Around 60% of the total millionaires in the world originate from the US, Japan, Germany and China, with Australia boasting the ninth highest number of millionaires in the world at 219,000.
This is according to the World Wealth Report 2014 conducted in conjunction by global consulting firm Capgemini, RBC Wealth Management and Scorpio Partnership. Together, they queried more than 4,500 high net-worth individuals (HNWIs) – assessed as people who had more than $US1 million to invest – across 23 major wealth markets in North America, Latin America, Europe, Asia Pacific, the Middle East, and Africa.
The number of millionaires in Australia increased by 5.8% from 207,000 in 2012 to 219,000 in 2013. According to the report, the confidence of Australian millionaires in their ability to generate wealth (81.9%) in the coming year was slightly higher than that for HNWIs in the rest of the world (79.9%).
“This positive outlook could be partly a function of Australia’s positive GDP growth rate in 2012 of 3.6% which was the highest of Industrialised Asia and greater than global GDP rate of 2.2%,” the report said.
Interestingly, Australian millionaires held around 40.6% of their financial assets in real estate – further demonstrating Australians’ love affair with property – close to double the rest of the world average and far higher than India’s 26.5%, which is the second-highest allocation in the region.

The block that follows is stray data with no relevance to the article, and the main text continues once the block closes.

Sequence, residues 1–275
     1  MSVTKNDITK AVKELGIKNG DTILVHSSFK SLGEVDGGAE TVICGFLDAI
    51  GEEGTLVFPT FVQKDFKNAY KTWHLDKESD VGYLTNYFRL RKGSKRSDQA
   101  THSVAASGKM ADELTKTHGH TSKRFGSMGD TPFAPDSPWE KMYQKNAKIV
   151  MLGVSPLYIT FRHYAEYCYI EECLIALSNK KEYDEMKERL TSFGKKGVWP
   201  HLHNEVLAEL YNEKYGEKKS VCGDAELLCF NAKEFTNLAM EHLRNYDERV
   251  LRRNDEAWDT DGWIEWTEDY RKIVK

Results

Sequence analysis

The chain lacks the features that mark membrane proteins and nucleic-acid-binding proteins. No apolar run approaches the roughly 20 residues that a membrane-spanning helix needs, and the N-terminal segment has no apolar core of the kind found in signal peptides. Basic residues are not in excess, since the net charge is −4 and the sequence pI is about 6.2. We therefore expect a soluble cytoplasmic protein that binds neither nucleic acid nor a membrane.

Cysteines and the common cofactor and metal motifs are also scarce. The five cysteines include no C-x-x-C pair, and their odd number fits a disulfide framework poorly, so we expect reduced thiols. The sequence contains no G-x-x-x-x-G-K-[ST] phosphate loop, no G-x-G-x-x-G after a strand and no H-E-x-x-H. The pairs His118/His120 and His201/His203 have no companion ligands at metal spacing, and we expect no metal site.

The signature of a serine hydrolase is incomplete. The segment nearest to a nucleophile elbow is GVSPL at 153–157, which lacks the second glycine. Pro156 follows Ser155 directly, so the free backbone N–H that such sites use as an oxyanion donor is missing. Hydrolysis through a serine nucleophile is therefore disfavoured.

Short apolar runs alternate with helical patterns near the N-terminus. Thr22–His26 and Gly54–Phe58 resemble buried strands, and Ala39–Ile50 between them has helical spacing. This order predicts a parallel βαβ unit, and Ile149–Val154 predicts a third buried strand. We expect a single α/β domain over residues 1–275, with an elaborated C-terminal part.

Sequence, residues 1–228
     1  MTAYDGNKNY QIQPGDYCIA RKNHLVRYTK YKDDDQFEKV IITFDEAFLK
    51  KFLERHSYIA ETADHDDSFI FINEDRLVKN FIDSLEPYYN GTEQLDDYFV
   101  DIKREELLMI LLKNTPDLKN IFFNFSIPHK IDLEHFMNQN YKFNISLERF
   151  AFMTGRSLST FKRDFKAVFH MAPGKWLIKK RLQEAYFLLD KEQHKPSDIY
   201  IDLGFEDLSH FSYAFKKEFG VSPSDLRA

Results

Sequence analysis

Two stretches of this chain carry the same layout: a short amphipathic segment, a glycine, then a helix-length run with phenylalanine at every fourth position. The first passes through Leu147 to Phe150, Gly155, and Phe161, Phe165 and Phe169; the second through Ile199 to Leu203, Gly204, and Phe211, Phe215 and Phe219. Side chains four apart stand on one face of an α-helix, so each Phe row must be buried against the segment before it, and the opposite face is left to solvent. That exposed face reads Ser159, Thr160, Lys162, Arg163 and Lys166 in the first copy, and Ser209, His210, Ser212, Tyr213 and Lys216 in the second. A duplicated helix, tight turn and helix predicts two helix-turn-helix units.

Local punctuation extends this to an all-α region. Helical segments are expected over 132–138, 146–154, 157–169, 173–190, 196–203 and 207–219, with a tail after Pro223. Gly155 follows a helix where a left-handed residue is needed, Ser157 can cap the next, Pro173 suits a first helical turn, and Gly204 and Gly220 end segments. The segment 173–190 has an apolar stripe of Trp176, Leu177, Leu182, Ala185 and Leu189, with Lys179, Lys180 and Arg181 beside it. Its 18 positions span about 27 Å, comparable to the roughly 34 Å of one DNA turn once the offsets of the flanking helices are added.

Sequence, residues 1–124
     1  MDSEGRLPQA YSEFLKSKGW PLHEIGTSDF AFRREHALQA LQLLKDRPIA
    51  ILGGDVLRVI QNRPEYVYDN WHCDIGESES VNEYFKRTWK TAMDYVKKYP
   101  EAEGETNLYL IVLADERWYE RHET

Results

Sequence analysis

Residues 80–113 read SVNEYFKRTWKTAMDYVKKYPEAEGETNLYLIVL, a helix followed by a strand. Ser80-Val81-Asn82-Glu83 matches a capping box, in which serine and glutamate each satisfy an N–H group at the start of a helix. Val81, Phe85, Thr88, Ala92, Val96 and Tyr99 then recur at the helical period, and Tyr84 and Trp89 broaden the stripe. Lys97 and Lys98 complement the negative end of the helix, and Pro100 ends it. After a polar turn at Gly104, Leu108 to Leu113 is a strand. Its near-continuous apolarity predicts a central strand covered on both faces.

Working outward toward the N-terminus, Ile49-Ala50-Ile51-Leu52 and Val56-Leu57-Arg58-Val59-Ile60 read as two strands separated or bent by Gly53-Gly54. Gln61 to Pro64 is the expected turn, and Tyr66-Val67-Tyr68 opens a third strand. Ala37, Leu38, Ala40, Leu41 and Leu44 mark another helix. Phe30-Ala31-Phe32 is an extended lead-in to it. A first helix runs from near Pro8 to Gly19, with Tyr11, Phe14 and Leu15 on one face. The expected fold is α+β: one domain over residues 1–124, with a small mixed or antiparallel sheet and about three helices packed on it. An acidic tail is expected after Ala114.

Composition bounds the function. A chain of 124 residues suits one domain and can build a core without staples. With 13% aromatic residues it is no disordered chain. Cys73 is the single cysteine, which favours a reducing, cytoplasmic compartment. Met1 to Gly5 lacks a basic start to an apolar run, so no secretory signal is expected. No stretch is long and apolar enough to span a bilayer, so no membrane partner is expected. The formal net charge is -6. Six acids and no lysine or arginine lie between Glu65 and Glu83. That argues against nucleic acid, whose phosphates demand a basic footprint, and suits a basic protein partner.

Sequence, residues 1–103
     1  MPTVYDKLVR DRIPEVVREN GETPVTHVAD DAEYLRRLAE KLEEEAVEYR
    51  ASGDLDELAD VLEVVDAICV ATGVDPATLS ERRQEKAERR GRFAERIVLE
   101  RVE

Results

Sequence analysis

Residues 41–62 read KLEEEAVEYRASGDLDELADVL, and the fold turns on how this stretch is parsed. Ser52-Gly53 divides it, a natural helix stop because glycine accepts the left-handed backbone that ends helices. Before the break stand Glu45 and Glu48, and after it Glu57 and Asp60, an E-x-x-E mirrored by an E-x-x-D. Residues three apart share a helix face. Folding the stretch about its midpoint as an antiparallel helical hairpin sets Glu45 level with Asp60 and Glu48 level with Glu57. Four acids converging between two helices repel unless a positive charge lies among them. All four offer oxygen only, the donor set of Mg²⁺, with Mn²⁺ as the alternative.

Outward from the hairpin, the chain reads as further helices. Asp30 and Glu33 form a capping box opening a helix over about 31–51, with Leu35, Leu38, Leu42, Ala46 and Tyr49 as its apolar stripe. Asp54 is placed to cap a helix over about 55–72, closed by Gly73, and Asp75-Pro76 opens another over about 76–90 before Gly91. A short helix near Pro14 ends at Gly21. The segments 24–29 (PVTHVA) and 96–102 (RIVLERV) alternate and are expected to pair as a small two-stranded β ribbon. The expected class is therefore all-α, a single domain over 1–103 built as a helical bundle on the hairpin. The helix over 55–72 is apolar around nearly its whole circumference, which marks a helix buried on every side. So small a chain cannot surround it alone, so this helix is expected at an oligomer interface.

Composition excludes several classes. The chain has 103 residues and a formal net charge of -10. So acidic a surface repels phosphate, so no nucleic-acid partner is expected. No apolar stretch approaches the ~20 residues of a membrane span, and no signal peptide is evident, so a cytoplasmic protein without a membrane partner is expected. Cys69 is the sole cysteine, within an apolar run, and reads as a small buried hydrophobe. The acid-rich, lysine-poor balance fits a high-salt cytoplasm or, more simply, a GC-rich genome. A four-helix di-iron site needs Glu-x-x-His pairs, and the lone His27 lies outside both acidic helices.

Given their large investment in real estate, Australian millionaires invested less in every other asset category, compared to the rest of the world averages. For instance, cash and deposit products accounted for 19.8% of their portfolios compared to 24.5% in the rest of the world.
Interestingly, the report also contained findings on the millionaires’ penchant for jewellery – revealing that Australians were the most enthusiastic investors in art, with an allocation of 20.8%. Other Australian “investments of passion” included jewellery, gems and watches (29.0%), luxury collectibles (19.3%) and sports investments (4.7%).
When it came to social conscience, around 47.4% of them said it was important to give time, money, and/or expertise with the goal of generating social impact – well below the global average of 60.5% and countries such as India (90.5%), China (89.4%), Indonesia (89.2%), and Hong Kong (82.1%).
Other findings from the survey were:
- Australia is the only country in Asia Pacific where a higher number of millionaires focused on wealth growth (34.1%) rather than wealth preservation (32.7%)
- Australian millionaires considered their needs to be more straightforward, encompassing the management of cash, credit and growing investments (48.3%), and this sentiment was particularly strong in the higher age and wealth bands
- more than half the number of millionaires in Australia who are 50 years or older, and also those with over $10 million, described their needs as being straightforward, and
- a higher proportion of female millionaires in Australia preferred advice on personal wealth (46.3%) than their male counterparts (35.5%).
Articled provided by Taxpayers Australia Limited
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